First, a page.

The Cheapest Contract Isn’t Always the Best, Acquisition Officials Say

Employees need more training to determine the appropriate type of contract to achieve innovation.

Confusion over “lowest price, technically acceptable” contracts have rendered the Pentagon’s acquisition workforce “brutalized” by critics and the press who mistake shrinking defense budgets for a lack of ambition for innovation, a top acquisition official said Thursday.

Katrina McFarland, assistant Defense secretary for acquisition and past president of the Defense Acquisition University, said “Low-cost, technically acceptable is good when appropriate, but shouldn’t be used to achieve innovation.” Her “very junior-level” acquisition workforce has a learning curve when it comes to taking the next step toward value added in contracts, McFarland told several hundred industry and government executives at a conference titled “Agility, Velocity and Service Excellence” sponsored by the General Services Administration, the Homeland Security Department and the American Council for Technology-Industry Advisory Council.

Seeking industry input on how to prioritize Defense spending on weapons and information technology, McFarland gave a capsule history of how the acquisition workforce in the 1990s was cut by 20 percent to “reap the peace dividend,” and how, following the 9/11 terrorist attacks, the civilian force was then flush with money and focused more on “pushing product out the door to the warfighter. We weren’t focused on honing business skills or maintaining a good customer-provider relationship,” she said.  “We were a bad customer.”

An injection of money by Congress in 2008 allowed planners beginning in 2010 to assemble 53 experts from agencies and industry and boil down 325 proposed initiatives to 23, which eventually resulted in the Pentagon’s pair of Better Buying Power initiatives. These include rewards and incentives for the workforce, McFarland noted, including the first-ever visits to contractor sites by deputy and undersecretaries to explain “from the horse’s mouth” the distinctions between low-cost contracts, value-added innovations and affordability in the context of the long-term costs of ownership of a system. “Instead of beating the workforce about the ears, it is a guide to help you think,” she said. If the workforce doesn’t understand low-cost technically acceptable, it will fumble around a bit,” she added, telling the business representatives, “if [acquisition] people ask questions and say this is not logical, do not stop them,” for this is how risks are taken that succeed.

McFarland’s work improving the acquisition workforce at the Defense Acquisition University drew praise from Office of Management and Budget officials who were the luncheon speakers at a conference that also addressed the government’s push toward data transparency, strategic sourcing and shared agency services. Lesley Field, deputy administrator of the Office of Federal Procurement Policy, said achieving both efficiency and effectiveness in acquisition depends on “asking all agencies to contribute, to get the right people in the room, some of whom have already come up with solutions, and then using a common platform so we don’t reinvent the wheel.”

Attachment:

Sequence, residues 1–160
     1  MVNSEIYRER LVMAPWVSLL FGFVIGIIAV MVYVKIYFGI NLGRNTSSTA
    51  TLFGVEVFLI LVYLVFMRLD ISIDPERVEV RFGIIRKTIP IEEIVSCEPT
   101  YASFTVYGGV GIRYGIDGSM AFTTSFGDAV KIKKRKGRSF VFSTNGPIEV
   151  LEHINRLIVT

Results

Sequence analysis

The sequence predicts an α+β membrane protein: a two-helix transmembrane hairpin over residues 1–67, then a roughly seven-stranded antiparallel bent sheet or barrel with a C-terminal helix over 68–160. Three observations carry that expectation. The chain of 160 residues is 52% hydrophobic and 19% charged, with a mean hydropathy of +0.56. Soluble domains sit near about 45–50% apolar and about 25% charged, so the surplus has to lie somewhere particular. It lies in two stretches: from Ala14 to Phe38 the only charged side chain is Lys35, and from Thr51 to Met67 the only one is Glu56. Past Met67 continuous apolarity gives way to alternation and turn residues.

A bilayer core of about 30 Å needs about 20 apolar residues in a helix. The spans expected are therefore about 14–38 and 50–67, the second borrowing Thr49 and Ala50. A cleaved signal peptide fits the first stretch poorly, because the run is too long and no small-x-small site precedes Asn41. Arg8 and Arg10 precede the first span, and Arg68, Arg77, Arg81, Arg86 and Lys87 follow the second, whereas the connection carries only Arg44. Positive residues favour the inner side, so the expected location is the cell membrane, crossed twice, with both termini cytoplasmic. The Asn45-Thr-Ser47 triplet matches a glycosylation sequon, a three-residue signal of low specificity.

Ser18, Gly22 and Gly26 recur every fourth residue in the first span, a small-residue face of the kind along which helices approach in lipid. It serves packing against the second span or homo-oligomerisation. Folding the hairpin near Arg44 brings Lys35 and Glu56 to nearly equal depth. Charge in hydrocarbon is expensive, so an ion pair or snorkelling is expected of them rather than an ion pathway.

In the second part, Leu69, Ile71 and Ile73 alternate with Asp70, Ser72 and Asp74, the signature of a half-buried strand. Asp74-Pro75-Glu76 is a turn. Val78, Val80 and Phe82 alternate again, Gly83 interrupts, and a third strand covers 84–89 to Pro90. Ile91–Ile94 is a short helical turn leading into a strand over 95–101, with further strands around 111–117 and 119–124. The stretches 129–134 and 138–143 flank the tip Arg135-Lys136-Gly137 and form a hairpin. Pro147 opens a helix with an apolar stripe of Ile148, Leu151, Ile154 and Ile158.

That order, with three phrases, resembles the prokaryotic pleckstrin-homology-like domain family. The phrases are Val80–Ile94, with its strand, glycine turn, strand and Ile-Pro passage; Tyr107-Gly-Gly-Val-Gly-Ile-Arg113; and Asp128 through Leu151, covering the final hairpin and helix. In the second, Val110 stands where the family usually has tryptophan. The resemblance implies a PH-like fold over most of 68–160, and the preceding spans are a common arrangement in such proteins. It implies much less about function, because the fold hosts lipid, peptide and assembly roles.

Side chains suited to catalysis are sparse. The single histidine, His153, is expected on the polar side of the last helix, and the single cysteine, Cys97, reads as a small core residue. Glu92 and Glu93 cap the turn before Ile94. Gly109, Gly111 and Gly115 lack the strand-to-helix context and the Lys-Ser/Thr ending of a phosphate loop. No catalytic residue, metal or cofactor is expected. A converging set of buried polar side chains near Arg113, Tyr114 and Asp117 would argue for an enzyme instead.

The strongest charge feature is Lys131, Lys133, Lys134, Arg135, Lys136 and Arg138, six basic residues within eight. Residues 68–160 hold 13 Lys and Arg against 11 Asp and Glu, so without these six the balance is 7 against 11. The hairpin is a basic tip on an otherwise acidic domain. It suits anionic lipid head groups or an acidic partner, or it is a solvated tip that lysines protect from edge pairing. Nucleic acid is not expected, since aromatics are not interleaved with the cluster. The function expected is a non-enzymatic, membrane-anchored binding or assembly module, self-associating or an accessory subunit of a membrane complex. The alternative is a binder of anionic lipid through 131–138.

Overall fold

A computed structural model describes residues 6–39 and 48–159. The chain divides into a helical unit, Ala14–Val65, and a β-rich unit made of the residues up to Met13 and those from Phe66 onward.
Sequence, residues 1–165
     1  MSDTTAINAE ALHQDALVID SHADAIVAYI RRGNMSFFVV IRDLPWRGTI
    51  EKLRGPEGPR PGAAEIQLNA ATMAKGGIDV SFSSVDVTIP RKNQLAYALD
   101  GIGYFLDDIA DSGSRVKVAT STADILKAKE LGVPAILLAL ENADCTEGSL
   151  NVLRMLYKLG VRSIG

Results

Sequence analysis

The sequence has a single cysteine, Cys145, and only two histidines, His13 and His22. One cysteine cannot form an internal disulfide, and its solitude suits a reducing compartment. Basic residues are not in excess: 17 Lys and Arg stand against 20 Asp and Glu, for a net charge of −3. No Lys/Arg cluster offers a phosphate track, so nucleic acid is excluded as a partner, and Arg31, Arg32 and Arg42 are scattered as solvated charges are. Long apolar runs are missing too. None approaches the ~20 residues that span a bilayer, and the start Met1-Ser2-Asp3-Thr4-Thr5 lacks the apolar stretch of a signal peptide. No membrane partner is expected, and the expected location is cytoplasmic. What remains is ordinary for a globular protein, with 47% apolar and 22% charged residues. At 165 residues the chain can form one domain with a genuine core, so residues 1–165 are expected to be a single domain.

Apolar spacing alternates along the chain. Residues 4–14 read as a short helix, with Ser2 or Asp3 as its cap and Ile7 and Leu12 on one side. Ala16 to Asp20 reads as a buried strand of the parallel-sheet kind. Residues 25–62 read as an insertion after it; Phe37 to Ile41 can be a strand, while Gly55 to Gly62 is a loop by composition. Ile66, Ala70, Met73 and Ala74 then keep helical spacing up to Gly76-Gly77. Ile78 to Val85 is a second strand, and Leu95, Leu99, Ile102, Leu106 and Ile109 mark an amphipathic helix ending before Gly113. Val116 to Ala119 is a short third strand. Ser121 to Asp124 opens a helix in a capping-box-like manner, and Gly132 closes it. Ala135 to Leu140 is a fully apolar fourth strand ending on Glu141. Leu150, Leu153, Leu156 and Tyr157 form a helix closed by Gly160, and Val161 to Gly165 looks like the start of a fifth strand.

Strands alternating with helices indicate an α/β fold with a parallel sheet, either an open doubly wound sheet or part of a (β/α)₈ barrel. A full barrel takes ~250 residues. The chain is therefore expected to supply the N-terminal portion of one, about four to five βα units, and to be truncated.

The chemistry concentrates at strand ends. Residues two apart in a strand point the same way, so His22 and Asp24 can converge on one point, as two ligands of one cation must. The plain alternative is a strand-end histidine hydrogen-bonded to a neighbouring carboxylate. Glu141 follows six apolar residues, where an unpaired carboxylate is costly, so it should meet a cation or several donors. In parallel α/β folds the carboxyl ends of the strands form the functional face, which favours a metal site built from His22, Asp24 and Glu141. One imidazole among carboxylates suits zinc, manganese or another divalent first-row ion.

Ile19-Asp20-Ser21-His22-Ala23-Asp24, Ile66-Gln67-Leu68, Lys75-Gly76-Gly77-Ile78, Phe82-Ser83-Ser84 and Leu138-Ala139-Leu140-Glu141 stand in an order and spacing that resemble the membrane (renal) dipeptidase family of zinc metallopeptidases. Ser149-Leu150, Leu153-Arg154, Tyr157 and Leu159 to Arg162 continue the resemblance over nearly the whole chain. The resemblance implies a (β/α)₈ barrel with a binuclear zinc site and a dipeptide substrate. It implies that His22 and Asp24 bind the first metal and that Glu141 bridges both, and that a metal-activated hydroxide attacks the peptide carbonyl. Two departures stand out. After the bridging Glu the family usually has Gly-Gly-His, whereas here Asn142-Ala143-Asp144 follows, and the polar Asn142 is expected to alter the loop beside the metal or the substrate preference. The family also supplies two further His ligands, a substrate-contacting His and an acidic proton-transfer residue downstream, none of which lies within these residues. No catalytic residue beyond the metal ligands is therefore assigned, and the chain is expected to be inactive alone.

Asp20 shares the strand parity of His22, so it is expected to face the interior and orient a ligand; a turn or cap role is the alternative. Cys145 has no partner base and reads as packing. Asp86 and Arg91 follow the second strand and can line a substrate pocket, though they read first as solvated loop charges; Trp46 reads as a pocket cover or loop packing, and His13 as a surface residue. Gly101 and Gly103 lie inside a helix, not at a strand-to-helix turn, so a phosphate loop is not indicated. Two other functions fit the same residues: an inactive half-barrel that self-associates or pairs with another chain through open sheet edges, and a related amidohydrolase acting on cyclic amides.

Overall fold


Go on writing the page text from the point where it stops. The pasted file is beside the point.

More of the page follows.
Field reviewed the management agenda presented this month in President Obama’s fiscal 2015 budget, saying the priority goals and cross-agency priority goals were picked for “tangible positive impact, measurable results and driving lasting change.” The administration, she said, is taking the strategic sourcing of commodities “to the next level, with more standardization and more visible pricing” through an upcoming portal. She also called for additional training in IT procurement, with the possibility of creating a new career track for contracting officers in IT purchasing.

Lisa Schlosser, deputy associate administrator in OMB’s Office of E-Government and Information Technology, said IT is increasingly blending with general agency program issues, noting that her office communicates regularly with Field’s Office of Federal Procurement Policy. Her past work as an agency chief information officer, Schlosser said, taught her the value of regular informal Monday morning meetings between the CIO, chief financial officer, acquisition officer and chief human capital officer, to avoid “catching anyone off guard” as the agency focuses on “how to improve delivery, draw in the best talent and work with the private sector for people with the right qualifications.” Having devoted the past year to determining best practices for purchasing IT in modular and Web-based units, she said, her team is now focusing on the “highest impact investments” for improving agency acquisitions, “especially in citizen-facing tools,” for which the government is learning from eBay and Amazon.com.

The goal of the conference, said Nick Nyack, Homeland Security’s chief procurement officer, “is to get the good news out. We spend $18 billion a year and do 100,000 buying transactions. We don’t want to be defined by the one or two that were problems.”